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Guide to Understanding Abrasive Wheels

Time to Read: 3 m 52s

Whether you are cutting off a frozen bolt, prepping for a weld, or you want to create a beautiful brushed pattern on stainless steel sheet, abrasive wheels are an essential tool for any welder or metal fabricator. IMS stocks a huge selection of abrasive metal wheels in all sizes, styles and varieties for cutting, grinding and finishing metal.

Abrasive wheels are similar to sandpaper. They are made from powdered abrasive grains held together with a binder, such as resin, which also glues them to a fiberglass backing in the shape of a wheel. As the wheel rotates on a grinder it abrades the metal surface, causing sharp edges of the grains to either break off, leaving more sharp edges, or wear down. Gradually the worn grains are pulled out of the binder, exposing sharper grains in place behind them.

This guide will help you select the right abrasive wheel, including the best choice of grain type and size, as well as binder material, for your application.

The four primary types of grains used on abrasive wheels for metal include aluminum oxide, zirconia alumina, silicon carbide, and ceramic alumina:

  • Aluminum oxide grains are tough and hard-wearing, making this type of abrasive wheel a good choice for grinding metals such as steel, stainless steel and other ferrous metals.

  • Zirconia alumina grains also can be used to grind steel and steel alloys. It costs more but lasts longer than aluminum oxide. Zirconia is very heat resistant and is typically used for high pressure machining and grinding because the pressure causes the grains to break down quickly, exposing sharper edges.

  • Silicon carbide grains are very sharp, but break off easily under high pressure. They can be used for grinding softer or weaker metals, such as copper or cast iron, or non-metals such as cement or sto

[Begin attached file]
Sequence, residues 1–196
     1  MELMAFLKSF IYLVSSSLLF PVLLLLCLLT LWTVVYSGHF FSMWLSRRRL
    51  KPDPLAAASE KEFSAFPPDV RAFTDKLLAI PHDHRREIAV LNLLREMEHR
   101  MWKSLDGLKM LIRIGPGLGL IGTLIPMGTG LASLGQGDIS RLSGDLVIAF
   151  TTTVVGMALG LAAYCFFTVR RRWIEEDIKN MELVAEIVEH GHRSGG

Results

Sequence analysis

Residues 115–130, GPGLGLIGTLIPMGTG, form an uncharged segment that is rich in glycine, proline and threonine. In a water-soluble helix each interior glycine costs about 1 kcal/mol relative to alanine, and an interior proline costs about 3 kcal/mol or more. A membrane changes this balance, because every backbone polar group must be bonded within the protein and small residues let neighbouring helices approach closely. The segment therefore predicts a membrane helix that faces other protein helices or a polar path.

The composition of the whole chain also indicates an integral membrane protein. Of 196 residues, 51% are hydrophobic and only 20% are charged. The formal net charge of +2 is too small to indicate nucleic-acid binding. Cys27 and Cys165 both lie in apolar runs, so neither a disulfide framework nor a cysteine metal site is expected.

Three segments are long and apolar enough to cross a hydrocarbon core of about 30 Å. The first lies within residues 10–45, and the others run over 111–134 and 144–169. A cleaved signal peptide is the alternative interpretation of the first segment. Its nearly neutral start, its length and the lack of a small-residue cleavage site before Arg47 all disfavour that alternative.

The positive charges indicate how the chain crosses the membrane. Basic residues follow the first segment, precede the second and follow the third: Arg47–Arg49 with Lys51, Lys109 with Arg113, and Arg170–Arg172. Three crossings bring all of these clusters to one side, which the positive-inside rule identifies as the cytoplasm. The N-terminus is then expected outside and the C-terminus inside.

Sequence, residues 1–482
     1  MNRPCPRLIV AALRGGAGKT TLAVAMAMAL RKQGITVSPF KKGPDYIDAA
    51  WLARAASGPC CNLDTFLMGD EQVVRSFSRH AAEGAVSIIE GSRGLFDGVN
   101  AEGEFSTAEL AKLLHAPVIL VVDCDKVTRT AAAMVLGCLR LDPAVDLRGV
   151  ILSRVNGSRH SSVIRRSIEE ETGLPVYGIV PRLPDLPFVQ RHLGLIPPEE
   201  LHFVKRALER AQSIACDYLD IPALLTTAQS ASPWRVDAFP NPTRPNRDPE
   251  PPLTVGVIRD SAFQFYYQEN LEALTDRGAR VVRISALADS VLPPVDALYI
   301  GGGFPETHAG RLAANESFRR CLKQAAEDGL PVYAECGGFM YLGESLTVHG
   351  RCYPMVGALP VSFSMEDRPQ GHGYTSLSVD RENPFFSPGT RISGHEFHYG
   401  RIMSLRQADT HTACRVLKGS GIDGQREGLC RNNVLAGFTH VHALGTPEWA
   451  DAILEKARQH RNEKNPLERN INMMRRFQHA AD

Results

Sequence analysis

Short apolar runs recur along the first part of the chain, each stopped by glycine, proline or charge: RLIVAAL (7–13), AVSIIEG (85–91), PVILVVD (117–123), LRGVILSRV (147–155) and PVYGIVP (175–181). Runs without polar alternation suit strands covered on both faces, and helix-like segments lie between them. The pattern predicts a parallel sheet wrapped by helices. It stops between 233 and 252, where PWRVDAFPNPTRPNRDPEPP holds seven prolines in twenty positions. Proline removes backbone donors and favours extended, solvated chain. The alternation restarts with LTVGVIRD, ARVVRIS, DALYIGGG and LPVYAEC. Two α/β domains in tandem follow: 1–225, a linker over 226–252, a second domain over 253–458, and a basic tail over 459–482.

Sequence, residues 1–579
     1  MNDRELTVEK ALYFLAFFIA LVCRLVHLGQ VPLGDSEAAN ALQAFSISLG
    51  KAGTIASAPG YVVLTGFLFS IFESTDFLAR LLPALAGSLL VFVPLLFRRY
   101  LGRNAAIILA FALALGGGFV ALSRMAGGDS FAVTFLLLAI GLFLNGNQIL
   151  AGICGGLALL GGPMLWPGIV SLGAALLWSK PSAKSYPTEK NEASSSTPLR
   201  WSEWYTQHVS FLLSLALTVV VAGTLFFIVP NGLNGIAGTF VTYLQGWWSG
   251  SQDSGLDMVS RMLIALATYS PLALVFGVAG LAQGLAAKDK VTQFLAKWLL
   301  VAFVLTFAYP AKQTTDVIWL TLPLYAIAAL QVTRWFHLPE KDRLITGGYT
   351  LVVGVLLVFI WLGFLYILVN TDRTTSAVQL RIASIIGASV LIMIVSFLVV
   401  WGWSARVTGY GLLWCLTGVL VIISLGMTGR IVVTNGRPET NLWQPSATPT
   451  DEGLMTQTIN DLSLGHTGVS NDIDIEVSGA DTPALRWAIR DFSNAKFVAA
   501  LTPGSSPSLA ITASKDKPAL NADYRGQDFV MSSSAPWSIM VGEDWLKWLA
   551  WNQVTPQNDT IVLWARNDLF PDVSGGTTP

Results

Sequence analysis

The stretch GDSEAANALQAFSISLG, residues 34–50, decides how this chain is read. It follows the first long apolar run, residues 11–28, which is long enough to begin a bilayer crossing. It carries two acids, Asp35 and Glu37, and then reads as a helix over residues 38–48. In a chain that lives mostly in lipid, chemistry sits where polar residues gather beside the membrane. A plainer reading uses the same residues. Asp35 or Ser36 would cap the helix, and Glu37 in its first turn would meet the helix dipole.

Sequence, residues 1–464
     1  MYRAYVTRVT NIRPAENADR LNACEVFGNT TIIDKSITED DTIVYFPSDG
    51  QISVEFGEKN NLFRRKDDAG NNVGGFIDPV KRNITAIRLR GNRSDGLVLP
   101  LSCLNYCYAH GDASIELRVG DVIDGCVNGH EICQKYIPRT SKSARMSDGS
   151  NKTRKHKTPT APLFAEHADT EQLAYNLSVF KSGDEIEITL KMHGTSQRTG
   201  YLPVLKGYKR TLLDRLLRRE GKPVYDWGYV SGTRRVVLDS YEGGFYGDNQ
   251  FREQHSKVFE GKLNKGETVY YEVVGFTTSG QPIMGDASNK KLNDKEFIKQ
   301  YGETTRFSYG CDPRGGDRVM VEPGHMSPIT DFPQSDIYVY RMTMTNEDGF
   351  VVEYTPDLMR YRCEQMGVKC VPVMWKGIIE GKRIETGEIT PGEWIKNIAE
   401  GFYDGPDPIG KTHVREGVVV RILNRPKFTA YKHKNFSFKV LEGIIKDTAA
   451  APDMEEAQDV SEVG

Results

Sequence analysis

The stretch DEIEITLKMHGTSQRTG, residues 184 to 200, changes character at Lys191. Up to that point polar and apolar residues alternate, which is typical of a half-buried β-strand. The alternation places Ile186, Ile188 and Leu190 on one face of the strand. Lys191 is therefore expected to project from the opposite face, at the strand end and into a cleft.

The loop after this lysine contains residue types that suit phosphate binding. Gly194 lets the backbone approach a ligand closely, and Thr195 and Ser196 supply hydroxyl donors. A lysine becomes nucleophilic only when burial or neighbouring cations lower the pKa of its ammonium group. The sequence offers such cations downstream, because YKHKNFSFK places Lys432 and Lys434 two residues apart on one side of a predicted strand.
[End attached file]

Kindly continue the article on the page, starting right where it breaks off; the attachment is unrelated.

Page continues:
• Ceramic alumina is a newer type of abrasive with a micro-grain structure that breaks down in smaller pieces, giving it a longer life and fast cut rate. This type of abrasive works well in a range of applications, from cast aluminum to titanium alloys.

The different types of grains can also be blended, to create an optimal formula for specific metals and applications.


Grit size, which reflects the size of the grains, is denoted on the wheel label. The larger the grit size, the smaller the grain. As with sandpaper, large or coarse grains take out larger chips from the metal, resulting in a rougher finish. The smaller the grain, the finer the finish. Also, larger grains are more appropriate for softer materials, such as low-carbon steel, while smaller grains should be used on harder alloys.

Binder materials are graded by their ability to hold the grains. The stronger the binder, the longer the grains hold on, even though they have been dulled. This means that a weaker binder is a better choice for cutting strong, tough metals that require razor sharp abrasive grains. Many abrasive wheels used for standard metalworking use a resin binder.

IMS stocks a varied line of abrasives including:

  • Metal cutting wheels – used with an angle grinder to make fast, clean cuts in steel, stainless steel and other metals.

  • Sanding discs – remove paint, rust, corrosion, surface marks and uneven edges to create a smooth finish.

  • Bench grinding wheels – use with a bench or pedestal grinder to remove metal, shape, sharpen or deburr.

  • Flap discs – a flat, circular abrasive disk made of multiple overlapping cloth-backed “flaps” joined at the center. Used with a grinding wheel to blend or finish a welded surface and prepare it for priming or painting.

  • Flap wheels – similar to a flap disk, but the flaps are arranged around a central hub in a three-dimensional tire shape. Used to create a smooth finish on curved metal.

  • Wire wheels – prepare welding surfaces by cleaning off spatter and excess filler material without removing base metal.

  • Shank mounted points – rotating abrasive points in a variety of shapes and materials allow fast, free-cutting stock removal, blending and polishing.

  • Carbide burrs – used with a grinder or in a CNC machine, these tungsten carbide rotary files with raised diagonal teeth are used for cutting, shaping, grinding and deburring.

For more information about abrasive wheels for metal, contact IMS.


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